Here's among the latest anti-gun squealings coming out of Salon.com:
Here is a truth so fundamental that it should be self-evident: When legitimately constituted state authority stands down in the face of armed threats, the very foundation of the republic is in danger. And yet that is exactly what happened at Cliven Bundy’s Nevada ranch this spring: An alleged criminal defeated the cops, because the forces of lawlessness came at them with guns — then Bureau of Land Management officials further surrendered by removing the government markings from their vehicles to prevent violence against them.Seriously?
Has the writer, Rick Perlstein, taken a look at the fundamental threats to our national 'constituted state authority' along the southern U.S. border? Does Perlstein get steamed when the president unilaterally changes laws or ignores them altogether?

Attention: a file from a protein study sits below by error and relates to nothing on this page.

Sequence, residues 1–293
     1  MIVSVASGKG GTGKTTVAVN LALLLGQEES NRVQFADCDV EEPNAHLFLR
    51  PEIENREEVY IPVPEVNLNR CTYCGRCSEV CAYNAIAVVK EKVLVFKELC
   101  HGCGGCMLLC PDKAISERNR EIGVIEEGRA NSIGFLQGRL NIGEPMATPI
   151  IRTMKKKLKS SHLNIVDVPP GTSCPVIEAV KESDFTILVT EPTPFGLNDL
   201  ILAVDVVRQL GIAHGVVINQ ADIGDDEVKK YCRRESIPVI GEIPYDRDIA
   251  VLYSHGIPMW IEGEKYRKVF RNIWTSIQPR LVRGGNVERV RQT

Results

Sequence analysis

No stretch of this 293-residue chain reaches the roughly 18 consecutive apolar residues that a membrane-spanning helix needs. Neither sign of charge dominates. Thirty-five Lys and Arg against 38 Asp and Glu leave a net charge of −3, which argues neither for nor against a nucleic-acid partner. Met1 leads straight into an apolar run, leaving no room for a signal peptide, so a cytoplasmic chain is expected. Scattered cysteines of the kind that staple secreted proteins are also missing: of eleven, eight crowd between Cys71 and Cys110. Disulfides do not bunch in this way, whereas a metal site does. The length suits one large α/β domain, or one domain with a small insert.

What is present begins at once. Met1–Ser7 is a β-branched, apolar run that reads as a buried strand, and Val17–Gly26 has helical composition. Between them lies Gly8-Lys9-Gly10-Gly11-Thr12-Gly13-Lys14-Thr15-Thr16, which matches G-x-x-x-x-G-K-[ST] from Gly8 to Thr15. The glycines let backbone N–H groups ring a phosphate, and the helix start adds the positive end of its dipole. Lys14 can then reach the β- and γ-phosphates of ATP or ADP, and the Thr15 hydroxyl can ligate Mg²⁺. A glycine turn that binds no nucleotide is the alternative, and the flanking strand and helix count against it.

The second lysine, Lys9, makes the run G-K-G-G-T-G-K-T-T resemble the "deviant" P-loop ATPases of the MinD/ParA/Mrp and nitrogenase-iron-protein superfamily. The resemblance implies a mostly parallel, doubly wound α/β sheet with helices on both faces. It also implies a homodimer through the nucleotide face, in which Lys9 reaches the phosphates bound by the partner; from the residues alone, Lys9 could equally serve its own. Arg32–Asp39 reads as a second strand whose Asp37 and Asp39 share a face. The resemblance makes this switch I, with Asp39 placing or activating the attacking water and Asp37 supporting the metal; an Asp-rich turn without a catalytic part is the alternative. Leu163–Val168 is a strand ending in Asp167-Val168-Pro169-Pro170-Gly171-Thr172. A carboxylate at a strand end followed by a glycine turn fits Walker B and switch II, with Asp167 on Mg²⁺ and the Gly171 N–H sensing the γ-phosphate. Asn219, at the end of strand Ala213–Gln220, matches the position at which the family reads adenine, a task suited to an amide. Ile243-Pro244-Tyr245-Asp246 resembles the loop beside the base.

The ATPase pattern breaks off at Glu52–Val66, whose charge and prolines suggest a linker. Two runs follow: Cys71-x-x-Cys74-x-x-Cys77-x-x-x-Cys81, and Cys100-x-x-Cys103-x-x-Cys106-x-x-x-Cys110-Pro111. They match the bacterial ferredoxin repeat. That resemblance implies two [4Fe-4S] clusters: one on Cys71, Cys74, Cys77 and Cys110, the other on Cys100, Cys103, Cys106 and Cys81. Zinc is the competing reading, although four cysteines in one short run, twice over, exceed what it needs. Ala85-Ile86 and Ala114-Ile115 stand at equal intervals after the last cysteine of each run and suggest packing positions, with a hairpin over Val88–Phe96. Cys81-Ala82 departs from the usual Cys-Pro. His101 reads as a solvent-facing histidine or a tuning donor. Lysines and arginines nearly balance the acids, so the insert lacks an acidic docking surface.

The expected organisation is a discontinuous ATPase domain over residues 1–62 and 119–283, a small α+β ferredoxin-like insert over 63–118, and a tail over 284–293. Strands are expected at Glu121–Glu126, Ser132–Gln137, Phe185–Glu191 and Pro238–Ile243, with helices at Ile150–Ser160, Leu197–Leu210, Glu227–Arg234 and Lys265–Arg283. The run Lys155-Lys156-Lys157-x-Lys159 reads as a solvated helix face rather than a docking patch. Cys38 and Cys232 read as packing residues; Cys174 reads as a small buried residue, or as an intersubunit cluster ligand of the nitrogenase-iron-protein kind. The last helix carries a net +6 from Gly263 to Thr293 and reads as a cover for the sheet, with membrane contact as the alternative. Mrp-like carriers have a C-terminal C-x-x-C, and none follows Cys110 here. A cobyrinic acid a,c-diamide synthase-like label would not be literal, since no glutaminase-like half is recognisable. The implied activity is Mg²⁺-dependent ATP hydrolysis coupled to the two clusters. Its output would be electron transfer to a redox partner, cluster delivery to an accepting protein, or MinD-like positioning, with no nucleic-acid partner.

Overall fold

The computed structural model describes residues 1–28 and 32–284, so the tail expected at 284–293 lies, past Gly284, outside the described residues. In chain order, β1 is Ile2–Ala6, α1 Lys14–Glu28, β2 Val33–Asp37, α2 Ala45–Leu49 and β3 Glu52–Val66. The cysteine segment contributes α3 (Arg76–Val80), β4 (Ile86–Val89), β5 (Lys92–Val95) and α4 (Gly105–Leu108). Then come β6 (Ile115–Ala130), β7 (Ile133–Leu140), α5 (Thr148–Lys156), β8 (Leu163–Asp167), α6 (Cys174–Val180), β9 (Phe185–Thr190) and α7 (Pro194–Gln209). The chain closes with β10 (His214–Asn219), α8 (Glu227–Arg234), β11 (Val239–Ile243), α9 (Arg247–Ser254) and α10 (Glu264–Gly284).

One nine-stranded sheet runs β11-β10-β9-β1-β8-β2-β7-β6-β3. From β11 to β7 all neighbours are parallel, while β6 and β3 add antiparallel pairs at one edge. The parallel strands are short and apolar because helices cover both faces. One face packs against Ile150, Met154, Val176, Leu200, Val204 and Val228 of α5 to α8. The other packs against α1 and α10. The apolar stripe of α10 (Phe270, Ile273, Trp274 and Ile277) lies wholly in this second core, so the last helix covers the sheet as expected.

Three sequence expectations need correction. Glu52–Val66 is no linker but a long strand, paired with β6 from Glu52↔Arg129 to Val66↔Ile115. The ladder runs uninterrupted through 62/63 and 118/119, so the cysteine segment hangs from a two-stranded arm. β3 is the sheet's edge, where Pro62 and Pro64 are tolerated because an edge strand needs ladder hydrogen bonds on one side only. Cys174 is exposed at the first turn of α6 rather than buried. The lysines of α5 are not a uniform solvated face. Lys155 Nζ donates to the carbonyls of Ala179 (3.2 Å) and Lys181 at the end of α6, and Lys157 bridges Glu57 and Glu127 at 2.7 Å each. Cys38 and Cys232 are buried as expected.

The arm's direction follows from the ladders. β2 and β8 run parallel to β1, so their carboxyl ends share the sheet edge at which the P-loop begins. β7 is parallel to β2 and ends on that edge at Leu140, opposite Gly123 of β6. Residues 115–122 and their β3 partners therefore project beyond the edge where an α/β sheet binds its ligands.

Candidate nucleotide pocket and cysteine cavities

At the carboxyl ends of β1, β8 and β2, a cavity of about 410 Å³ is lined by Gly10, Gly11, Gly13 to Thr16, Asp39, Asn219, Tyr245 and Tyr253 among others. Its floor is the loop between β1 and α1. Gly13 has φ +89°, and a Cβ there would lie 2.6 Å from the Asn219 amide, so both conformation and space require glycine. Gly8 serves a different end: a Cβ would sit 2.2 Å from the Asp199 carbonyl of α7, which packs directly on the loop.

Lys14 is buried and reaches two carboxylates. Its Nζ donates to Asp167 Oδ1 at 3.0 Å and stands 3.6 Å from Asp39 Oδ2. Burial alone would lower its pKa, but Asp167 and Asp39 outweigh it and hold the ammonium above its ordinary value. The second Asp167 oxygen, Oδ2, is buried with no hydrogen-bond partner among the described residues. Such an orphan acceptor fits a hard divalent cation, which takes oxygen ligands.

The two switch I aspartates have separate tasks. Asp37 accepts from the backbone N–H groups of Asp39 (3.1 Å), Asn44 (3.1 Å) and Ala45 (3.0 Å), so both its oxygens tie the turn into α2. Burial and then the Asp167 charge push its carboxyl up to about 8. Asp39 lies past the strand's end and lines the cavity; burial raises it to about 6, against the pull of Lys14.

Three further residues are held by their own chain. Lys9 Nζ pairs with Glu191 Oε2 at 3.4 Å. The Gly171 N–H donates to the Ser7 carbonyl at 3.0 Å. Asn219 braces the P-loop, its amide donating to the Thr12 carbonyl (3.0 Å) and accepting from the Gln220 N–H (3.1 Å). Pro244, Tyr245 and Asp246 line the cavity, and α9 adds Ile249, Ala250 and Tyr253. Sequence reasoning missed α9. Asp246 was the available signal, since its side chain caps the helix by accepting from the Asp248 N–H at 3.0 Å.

Thomas Jefferson seemingly had no problems with the kind of rebellion seen last spring at Bundy Ranch. Jefferson was a fan of little rebellions, perhaps applauding their successes, but certainly appealing for leniency when they failed.
He said so in a letter to James Madison:
I hold it that a little rebellion now and then is a good thing, and as necessary in the political world as storms in the physical. Unsuccesful rebellions indeed generally establish the incroachments on the rights of the people which have produced them. An observation of this truth should render honest republican governors so mild in their punishment of rebellions, as not to discourage them too much. It is a medecine necessary for the sound health of government."Of course, Jefferson was also a fan of firearms, and on another occasion wrote to a relative that long walks with a gun offered better exercise with less risk of injury than playing ball sports.